Background: Trial of noninvasive ventilation (NIV) in the emergency department (ED) for heterogeneous acute respiratory failure (ARF) has been optional and its clinical benefit unclear.
Methods: We conducted a retrospective cohort study comparing between two periods, October 2001-September 2003 and October 2004-September 2006, i.e., before and after adopting an NIV-trial strategy in which NIV was applied in the ED to any noncontraindicated ARF patients needing ventilatory support and was then continued in the intermediate-care-unit. During these two periods, we retrieved cases of ARF treated either invasively or with NIV, and compared the patients' in-hospital mortalities and the length of ICU and intermediate-care-unit stay.
Results: Compared were 73 (invasive 56, NIV 17) and 125 cases (invasive 31, NIV 94) retrieved from 271 and 415 emergent admissions with proper pulmonary etiologies for mechanical ventilation, respectively. Of their respiratory failures, type (hypercapnic/non-hypercapnic, 0.97 vs. 0.98) and severity (pH 7.23 vs. 7.21 for hypercapnic; PaO(2)/FiO(2) 133 vs. 137 for non-hypercapnic) were similar, and the rate of predisposing etiologies was not significantly different. However, excluding those with recurrent aspiration pneumonia for whom NIV was mostly used as "ceiling" treatment, significant reductions in both overall in-hospital mortality (38%-19%, risk ratio 0.51, 95% CI 0.31-0.84), and median length of ICU and intermediate-care-unit stay (12 vs. 5 days, P<0.0001) were found.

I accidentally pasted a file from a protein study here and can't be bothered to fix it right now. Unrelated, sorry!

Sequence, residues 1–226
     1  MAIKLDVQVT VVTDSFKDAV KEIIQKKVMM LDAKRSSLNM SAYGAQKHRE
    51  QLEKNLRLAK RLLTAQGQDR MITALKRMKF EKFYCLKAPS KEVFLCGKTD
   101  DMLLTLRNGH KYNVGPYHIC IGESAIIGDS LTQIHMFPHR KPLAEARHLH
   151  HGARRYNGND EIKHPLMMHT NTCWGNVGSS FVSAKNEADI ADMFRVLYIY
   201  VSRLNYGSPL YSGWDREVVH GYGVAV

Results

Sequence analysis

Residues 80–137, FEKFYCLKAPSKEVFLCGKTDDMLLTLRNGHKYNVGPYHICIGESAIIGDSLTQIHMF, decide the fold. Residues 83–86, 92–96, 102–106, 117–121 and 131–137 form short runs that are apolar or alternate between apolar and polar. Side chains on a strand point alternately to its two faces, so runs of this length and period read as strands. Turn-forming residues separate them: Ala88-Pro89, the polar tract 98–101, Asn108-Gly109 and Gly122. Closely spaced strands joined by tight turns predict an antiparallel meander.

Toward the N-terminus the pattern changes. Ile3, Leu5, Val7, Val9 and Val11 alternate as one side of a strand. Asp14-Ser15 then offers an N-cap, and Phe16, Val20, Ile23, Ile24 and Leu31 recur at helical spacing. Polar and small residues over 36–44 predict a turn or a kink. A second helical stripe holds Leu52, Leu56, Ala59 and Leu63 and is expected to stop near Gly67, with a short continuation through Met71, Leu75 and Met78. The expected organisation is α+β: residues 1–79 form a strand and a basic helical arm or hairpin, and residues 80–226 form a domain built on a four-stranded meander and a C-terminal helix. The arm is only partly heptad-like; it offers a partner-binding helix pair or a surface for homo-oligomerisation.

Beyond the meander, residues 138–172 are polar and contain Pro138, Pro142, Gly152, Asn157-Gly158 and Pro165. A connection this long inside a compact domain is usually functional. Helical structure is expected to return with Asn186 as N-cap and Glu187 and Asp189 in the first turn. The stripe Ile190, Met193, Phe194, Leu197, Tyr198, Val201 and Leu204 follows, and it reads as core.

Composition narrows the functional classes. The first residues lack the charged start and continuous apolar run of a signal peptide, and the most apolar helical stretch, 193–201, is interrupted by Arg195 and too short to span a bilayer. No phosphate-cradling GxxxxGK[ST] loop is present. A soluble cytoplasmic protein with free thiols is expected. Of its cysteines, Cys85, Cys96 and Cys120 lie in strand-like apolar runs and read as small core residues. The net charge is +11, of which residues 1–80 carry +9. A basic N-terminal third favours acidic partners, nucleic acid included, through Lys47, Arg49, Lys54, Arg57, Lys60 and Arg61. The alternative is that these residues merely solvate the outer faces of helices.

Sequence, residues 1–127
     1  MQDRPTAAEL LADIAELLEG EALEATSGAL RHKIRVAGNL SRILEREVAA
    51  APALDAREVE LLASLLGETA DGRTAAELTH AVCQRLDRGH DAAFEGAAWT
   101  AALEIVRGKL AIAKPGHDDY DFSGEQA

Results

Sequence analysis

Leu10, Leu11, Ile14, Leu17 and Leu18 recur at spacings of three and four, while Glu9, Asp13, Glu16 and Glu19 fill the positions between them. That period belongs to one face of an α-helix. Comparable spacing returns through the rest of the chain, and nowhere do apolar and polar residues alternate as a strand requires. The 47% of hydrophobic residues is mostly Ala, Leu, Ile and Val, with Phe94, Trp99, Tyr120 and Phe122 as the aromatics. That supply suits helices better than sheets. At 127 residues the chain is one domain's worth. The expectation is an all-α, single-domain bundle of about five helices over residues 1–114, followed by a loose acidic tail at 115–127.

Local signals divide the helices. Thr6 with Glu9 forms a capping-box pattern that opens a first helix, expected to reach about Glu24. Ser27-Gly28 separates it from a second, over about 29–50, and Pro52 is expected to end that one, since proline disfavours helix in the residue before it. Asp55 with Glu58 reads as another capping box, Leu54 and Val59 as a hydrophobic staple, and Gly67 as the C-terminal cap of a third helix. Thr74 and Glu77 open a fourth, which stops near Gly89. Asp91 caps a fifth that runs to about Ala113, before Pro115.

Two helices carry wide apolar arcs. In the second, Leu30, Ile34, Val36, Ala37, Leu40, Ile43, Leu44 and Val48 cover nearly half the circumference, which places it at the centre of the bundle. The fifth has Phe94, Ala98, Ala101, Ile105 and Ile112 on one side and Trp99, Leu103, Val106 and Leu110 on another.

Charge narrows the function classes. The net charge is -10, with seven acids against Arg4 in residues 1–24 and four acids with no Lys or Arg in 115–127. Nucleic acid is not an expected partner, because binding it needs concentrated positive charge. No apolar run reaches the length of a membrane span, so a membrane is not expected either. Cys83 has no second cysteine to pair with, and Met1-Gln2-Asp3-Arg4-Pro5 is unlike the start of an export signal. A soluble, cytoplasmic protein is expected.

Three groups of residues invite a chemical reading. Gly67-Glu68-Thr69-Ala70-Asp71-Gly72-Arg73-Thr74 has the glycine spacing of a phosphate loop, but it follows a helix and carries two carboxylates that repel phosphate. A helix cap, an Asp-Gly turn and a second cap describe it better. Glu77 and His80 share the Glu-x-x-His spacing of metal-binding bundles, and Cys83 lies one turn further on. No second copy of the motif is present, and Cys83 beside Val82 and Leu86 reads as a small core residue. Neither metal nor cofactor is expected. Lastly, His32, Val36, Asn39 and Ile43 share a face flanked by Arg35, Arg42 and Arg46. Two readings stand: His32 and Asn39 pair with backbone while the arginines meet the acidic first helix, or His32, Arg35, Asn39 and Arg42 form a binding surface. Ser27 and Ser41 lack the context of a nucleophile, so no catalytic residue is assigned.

Conclusions: NIV-trial in the ED for all possible patients with ARF of pulmonary etiologies, excluding those with recurrent aspiration pneumonia, may reduce overall in-hospital mortality and ICU stays.